Internal Tide Energy Conversion
Internal tide energy conversion refers to the energy conversion from barotropic to baroclinic modes as surface tides flow over steep and rough topography in the deep ocean generating internal tides. The "lost" barotropic tidal energy is often accounted for through a linear friction term in large-scale numerical models that are barotropic or not fine-scaled enough to resolve the energy conversion. It is implemented in ADCIRC through a spatially varying nodal attribute called internal_tide_friction, in the fort.13 file.
Background and Theory
The basic theory for generation of internal tides in the deep ocean was established several decades ago. However, it was not thought to be incredibly important to the global energy balance of the surface tides until the modern satellite era when it was discovered that internal tides are responsible for approximately 30% of the global barotropic tidal dissipation.
Following this revelation the past two decades have been subject to a number of theoretical     and numerical    investigations into internal tide generation and their effects on the surface tides through parameterizations.       
In a computational domain covering a large portion of the deep ocean it is critical to include the effect of internal tide energy conversion to obtain more accurate tidal solutions. The user should only elect to use the internal_tide_friction nodal attribute when tides are included in the simulation through tidal boundary conditions and tidal potential functions. The attribute is unnecessary for domains that are small in size and/or do not cover a significant portion of the deep ocean (taken here to mean the portion of the ocean excluding the continental shelf).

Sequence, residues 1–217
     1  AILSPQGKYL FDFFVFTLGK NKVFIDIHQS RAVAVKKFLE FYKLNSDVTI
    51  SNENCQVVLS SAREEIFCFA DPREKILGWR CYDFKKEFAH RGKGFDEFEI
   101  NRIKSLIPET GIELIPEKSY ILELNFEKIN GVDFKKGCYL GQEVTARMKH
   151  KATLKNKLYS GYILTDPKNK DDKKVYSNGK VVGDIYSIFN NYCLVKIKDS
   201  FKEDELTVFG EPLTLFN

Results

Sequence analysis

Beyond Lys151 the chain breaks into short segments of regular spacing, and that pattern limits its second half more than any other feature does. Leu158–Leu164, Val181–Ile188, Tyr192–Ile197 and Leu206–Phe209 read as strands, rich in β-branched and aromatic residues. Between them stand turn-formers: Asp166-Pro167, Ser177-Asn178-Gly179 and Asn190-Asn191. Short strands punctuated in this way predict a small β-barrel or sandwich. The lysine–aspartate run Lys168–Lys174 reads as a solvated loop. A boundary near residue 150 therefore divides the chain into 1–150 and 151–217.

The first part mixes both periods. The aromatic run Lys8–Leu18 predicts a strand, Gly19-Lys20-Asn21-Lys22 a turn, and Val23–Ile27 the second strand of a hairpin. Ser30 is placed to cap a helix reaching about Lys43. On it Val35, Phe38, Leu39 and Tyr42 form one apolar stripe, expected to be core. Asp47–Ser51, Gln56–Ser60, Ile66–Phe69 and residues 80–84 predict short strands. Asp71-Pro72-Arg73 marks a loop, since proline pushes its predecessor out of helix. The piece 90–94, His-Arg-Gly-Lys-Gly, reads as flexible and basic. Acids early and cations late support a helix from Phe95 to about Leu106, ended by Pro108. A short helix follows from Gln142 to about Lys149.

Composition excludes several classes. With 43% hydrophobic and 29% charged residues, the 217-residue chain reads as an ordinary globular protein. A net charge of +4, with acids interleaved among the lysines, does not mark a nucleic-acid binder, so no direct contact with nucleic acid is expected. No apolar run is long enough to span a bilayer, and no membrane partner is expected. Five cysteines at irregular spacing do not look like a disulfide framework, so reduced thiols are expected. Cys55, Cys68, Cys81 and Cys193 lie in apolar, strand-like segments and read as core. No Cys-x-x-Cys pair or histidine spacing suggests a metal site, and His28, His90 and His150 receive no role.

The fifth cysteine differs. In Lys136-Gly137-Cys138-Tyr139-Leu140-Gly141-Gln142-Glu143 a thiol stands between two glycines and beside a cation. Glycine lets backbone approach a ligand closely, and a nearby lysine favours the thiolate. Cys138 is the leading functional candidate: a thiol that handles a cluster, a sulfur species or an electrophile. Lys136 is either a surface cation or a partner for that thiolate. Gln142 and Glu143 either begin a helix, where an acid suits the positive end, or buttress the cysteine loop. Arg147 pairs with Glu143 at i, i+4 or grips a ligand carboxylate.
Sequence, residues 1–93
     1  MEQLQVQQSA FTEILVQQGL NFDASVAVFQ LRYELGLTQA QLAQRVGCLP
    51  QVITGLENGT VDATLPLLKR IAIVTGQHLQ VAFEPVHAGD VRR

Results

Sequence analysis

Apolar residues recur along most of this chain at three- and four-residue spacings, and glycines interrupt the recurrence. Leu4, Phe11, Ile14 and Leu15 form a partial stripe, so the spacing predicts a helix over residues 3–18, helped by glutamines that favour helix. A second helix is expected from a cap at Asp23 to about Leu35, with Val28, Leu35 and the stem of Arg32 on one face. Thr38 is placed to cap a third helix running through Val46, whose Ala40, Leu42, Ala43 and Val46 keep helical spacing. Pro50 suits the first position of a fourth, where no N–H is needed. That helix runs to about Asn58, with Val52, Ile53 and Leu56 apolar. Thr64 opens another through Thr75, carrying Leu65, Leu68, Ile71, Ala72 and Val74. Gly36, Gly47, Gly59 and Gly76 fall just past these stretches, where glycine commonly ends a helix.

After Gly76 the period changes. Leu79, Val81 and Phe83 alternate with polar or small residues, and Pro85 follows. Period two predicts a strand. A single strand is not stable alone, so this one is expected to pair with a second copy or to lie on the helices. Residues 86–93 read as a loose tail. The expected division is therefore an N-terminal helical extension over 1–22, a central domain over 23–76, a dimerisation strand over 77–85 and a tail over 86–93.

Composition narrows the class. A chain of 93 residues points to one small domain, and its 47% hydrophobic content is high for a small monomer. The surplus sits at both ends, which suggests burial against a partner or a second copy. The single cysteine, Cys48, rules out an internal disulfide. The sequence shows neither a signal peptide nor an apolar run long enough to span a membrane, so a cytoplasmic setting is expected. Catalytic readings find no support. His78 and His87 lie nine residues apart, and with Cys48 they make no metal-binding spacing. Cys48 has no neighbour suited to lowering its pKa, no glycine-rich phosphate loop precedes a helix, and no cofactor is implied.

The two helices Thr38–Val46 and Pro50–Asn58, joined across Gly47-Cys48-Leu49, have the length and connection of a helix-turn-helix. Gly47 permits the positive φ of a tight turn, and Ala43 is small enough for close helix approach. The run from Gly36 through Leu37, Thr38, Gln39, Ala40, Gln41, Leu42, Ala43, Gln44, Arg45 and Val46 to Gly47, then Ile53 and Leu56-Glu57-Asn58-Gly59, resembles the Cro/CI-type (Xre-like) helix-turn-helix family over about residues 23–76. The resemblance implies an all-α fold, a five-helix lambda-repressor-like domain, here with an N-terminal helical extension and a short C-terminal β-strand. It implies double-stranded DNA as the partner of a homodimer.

ADCIRC reads the internal_tide_friction attribute in as the IT_Fric variable, which can have 1 (scalar) or 3 (tensor) dimensions. The attribute has dimensions of [1/time], meaning that it is a linear friction term which is multiplied by the velocity in the governing equations, and is normalized by the ocean depth prior to simulation. Hence, it ignores the water surface elevation portion of the total water depth, which is reasonable since the term and theory it is based on is only applicable to deep ocean. Typically, it is only applied to ocean depths greater than 100-500 m.
Specifying IT_Fric Values
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